Ina Garten's Coping Strategy Is the Only Thing That Makes Sense to Me
We are approaching the two-year anniversary of when the coronavirus pandemic first shut down the country—two long years of loss, fear, and anguish. To get through it, many of us have been in an endless loop of striving to adopt new, "healthier" habits, like forcing ourselves to read when what we want to do is watch TikToks, only to drop them and feel worse about our lives than before. The pressure I have put on myself to adopt healthy little routines during a global catastrophe has actually contributed to my suffering, putting the sole burden on me and me alone to hoist myself out of gloom, by way of internet yoga and overnight oats. The reality is, for many of us, there is still no escape from gloom, even though we are trying our best. The trying or not trying isn't the issue.
There are, however, large Cosmos. Ina Garten, my personal hero, has given us permission to take it easy on ourselves, to find enjoyment where we can. Yes, you should probably, like, drink water and sleep, but you can also "stay in bed in the morning playing Sudoku instead of reading a good book," Garten commented on Reese Witherspoon's recent Instagram post about her healthy habit goals. To be clear: I commend Witherspoon for finding habits that make her feel good and sharing them! Reading is great. So is going outside. So are early bedtimes. But Garten's words found me exactly where I am: tired.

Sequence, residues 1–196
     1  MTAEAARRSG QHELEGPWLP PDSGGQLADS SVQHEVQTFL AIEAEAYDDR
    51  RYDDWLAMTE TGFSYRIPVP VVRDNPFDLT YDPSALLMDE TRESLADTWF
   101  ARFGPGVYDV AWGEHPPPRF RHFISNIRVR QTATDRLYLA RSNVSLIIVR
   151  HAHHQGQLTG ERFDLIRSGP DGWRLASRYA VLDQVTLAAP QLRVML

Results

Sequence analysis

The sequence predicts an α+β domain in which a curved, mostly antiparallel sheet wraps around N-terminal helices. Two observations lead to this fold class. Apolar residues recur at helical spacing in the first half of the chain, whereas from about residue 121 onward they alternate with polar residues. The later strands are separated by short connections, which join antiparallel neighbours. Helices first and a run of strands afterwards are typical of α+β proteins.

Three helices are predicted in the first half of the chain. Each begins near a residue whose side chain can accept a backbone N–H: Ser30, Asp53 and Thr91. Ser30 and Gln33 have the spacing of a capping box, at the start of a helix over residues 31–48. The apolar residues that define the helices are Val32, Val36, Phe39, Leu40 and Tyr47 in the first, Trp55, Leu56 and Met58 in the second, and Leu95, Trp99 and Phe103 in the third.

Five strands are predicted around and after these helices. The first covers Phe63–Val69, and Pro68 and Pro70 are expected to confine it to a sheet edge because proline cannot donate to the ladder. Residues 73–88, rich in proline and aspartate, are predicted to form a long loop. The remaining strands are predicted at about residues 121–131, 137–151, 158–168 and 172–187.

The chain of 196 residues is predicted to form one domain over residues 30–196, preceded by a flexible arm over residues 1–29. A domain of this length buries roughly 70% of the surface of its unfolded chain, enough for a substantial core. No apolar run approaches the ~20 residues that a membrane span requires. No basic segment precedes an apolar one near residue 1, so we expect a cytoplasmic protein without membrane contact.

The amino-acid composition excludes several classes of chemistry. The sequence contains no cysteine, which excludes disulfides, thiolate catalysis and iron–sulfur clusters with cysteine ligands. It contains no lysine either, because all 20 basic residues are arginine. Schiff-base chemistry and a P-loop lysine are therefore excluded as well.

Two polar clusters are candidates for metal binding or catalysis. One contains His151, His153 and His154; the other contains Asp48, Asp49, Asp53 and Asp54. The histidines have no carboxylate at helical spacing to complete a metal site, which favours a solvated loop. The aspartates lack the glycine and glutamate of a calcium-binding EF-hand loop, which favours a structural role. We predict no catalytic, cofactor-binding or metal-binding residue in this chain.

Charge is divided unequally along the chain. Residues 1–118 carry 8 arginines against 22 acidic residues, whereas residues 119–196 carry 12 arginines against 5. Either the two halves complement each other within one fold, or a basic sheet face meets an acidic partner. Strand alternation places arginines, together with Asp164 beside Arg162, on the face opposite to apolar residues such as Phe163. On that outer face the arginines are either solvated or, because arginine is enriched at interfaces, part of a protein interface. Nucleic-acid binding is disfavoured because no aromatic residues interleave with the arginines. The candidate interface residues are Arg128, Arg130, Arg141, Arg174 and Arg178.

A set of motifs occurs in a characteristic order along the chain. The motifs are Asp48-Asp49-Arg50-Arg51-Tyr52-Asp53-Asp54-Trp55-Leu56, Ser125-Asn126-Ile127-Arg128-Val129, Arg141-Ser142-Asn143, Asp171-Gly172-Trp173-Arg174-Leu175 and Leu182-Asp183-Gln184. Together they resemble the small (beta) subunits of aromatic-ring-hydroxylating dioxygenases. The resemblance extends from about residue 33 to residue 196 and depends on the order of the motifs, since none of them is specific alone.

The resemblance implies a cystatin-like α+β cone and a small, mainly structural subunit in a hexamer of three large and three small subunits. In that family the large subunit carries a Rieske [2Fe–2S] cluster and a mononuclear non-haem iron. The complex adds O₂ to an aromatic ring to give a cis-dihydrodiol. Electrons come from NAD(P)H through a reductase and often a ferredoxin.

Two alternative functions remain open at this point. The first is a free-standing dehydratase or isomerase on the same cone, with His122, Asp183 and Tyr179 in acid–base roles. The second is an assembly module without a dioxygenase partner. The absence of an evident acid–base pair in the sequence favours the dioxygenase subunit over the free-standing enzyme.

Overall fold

"To quote @Reesewitherspoon - that sounds great but I'm probably not doing any of those things! LOL!!" Garten commented. "My formula is easier to follow: 1. Drink more large cosmos. 2. Stay up late watching addictive streaming series. 3. Stay in bed in the morning playing Sudoku instead of reading a good book. 4. Spend more time (safely) with people you love. In a pandemic, I do what I can!"
If you don't recall, in the spring of 2020, Garten famously made a gigantic Cosmopolitan. ("I like to make a lot of Cosmos," she said during that first lockdown. "You never know who's going to stop by. Wait a minute—nobody's stopping by.") I'm glad she's still enjoying them.
As the crisis drags on, joy can still feel so elusive. After two years of being hard on myself for my imperfect routines, after two years of surviving, I'm committed to finding levity where I can, even if that's staying up way past my bedtime to watch TikToks or drinking a milkshake for breakfast. To borrow Garten's words: In a pandemic, I do what I can.